5 Things To Know About Why The Price Is Going U

The price of Bitcoin rallied 25 percent in the last two weeks to around $48,000 and most analysts expect it to go much higher with some debating a bull run to $80,000.

Some anticipate the price breaking $50,000 and continuing towards $53,350.61 going into the weekend.

Here are five 5 things to know about why the price is going up.

1. Mass quantities of Bitcoin bought for TerraUSD stablecoin reserve

Bitcoin’s price rally is credited in part to continued Bitcoin purchases by Singapore-based Luna Foundation Guard, a nonprofit focused on the Terra blockchain. Luna has purchased more than $1 billion in Bitcoin since the end of January to build a reserve for its stablecoin, TerraUSD (UST), Terraform Labs co-founder and CEO Do Kwon told Bloomberg.

Luna bought about $135 million in Bitcoin on Monday alone.

“UST is going to be the first internet native currency that implements the Bitcoin standard as part of its monetary policy,” Kwon told Bloomberg in an earlier report.

Earlier in March, Kwon said the UST stablecoin would be backed by a reserve of Bitcoin that could eventually reach $10 billion. He tweeted on March 22 that he has $3 billion in funds ready to make purchases to back the TerraUSD.

“We have also seen some significant signs of growing institutional support – just over the past 10 days, we’ve had statements from Goldman Sachs, BlackRock, Cowen, Bridgewater and Virtu, all signaling growing conviction that the crypto markets are worth dedicating more resources to,” said Noelle Acheson, head of market insights at CoinDesk-affiliated Genesis Global Trading.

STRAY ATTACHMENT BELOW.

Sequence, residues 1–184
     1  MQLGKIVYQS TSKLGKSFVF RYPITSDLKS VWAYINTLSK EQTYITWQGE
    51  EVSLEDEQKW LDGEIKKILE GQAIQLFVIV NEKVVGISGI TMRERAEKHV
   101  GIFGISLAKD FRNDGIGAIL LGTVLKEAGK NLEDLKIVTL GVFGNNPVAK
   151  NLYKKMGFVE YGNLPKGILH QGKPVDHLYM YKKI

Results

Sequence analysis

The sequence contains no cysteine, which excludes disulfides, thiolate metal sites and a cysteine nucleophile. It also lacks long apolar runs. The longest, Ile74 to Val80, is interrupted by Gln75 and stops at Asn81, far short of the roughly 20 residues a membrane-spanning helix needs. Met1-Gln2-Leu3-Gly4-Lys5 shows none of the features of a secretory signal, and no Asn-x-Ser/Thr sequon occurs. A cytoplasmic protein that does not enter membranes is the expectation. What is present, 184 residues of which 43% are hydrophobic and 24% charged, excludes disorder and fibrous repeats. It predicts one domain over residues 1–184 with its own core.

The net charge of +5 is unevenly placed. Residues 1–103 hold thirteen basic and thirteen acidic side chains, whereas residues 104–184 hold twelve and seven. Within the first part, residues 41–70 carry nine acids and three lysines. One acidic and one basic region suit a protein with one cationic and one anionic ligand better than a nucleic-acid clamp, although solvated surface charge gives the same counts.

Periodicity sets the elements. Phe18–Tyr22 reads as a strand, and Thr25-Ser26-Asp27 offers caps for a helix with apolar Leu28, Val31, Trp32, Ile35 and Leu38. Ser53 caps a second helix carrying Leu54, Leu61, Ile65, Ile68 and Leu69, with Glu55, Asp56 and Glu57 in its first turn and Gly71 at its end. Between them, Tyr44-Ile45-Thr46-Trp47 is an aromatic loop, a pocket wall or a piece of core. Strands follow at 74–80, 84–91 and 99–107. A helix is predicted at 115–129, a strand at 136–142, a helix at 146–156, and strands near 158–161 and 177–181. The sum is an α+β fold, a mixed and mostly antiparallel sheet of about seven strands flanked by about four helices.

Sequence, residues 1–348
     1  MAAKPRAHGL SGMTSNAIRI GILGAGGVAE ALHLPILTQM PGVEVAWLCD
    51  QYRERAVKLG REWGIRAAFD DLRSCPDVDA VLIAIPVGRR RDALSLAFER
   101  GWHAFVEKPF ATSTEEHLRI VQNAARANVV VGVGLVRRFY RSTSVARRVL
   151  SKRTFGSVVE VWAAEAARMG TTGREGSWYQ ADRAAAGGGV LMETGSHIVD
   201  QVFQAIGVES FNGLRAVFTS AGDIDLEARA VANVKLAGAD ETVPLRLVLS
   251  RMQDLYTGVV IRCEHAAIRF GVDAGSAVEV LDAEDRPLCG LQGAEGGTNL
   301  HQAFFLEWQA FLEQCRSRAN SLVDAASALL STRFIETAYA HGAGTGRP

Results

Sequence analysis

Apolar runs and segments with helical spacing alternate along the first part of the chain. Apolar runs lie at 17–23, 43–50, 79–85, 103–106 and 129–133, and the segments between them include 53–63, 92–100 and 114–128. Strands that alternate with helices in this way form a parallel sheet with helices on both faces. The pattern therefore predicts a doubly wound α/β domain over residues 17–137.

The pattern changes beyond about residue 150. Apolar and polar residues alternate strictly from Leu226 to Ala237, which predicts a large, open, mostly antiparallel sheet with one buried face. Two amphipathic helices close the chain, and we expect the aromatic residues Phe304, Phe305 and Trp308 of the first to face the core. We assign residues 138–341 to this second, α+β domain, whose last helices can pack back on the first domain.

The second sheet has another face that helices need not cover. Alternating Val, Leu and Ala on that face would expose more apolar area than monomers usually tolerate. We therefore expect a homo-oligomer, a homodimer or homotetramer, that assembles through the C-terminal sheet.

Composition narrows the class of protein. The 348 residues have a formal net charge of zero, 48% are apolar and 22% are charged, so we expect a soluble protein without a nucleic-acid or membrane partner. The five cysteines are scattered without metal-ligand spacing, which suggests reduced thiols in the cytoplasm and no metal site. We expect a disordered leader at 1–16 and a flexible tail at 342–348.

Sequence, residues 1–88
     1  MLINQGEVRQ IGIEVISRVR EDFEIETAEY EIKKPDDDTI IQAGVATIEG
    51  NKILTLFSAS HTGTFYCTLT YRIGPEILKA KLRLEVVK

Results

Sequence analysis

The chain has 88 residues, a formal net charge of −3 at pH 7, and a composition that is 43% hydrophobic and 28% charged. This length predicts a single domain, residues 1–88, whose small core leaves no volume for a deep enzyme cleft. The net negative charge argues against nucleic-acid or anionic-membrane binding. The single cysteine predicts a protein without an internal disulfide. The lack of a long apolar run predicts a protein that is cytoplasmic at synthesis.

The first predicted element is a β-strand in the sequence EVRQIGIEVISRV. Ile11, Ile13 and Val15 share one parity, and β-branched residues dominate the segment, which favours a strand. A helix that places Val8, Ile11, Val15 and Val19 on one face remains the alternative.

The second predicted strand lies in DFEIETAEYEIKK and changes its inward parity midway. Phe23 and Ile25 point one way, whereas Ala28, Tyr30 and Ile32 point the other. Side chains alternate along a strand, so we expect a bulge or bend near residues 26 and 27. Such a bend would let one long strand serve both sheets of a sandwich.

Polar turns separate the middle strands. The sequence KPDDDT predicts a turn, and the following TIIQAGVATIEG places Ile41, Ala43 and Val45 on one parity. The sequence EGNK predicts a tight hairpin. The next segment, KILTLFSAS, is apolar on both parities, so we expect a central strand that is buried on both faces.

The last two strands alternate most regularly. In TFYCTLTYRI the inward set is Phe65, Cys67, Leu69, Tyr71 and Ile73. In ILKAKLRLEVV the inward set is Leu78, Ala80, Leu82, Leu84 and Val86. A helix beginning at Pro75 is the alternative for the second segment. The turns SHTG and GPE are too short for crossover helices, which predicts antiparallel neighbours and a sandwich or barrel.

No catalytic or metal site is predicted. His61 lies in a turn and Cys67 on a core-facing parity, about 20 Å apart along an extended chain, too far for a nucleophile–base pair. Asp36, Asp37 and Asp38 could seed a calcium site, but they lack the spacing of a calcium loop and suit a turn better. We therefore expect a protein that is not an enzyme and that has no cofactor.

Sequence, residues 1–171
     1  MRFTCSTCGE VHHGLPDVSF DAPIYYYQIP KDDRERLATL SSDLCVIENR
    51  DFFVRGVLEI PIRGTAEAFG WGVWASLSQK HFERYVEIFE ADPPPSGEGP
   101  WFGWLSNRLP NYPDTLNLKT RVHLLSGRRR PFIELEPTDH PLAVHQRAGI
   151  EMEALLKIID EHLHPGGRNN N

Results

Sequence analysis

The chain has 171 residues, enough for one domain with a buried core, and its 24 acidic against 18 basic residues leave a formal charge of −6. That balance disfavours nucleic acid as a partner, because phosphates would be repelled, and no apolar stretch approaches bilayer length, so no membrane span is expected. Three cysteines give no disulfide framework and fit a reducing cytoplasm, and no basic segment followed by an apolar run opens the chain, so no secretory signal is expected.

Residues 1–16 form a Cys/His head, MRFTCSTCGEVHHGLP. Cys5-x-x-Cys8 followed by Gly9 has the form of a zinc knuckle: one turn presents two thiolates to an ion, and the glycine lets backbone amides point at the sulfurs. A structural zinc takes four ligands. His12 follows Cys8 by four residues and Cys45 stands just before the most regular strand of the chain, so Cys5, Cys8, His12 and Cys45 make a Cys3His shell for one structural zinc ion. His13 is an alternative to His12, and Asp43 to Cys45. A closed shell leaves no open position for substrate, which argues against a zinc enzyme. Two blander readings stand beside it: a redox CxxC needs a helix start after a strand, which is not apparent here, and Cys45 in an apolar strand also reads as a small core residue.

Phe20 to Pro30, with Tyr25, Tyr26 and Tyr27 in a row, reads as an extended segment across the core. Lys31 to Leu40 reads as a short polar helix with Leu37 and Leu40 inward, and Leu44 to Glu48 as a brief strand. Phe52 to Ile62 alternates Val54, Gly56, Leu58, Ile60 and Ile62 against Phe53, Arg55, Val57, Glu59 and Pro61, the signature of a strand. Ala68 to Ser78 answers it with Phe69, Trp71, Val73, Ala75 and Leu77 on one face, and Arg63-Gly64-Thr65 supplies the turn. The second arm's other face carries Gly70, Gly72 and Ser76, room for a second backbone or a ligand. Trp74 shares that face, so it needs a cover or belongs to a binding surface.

2. Technical analysts are following chart patterns calling for extended upside

When the price of Bitcoin exceeded $47,000 on Monday, it confirmed a breakout from a two-month triangular pattern, FX analyst Omkar Godbole reported. Triangles represent a steady narrowing of the trading range and they form when bulls and bears are unwilling to lead the price action, Godbole wrote. “So, traders and chart analysts consider an eventual escape from the triangle in either direction a hint of a beginning of a new bull or bear run.”

“The triangle breakout has opened up upside toward resistance at $53,000,” said Daniel Kukan, senior crypto trader at Swizerland-based Crypto Finance AG, in a Telegram chat.

Macro strategists often criticize technical analysis as unreliable, Godbole wrote. Chart patterns and indicators often fail but many people believe in the charts, so “breakouts or breakdowns often become a self-fulfilling prophecy.”

The bullish technical outlook will be invalidated if falls below support at $43,000, Crypto Finance AG’s Kukan noted.

3. Bitcoin recovery follows in the footsteps of U.S. stocks

Despite forecasts of recession due to rising oil prices and the Russian invasion of Ukraine, traditional stock markets rose 6 percent to 8 percent in the past few weeks. That’s a sign that Bitcoin has a stronger correlation with traditional stock markets than with gold, Marca reported.

Bitcoin’s massive recovery followed in the footsteps of the U.S. stocks, hitting a three-month high and holding above significant resistance at $45,800. Bitcoin faces a hurdle at the 200-day moving average ($48,295).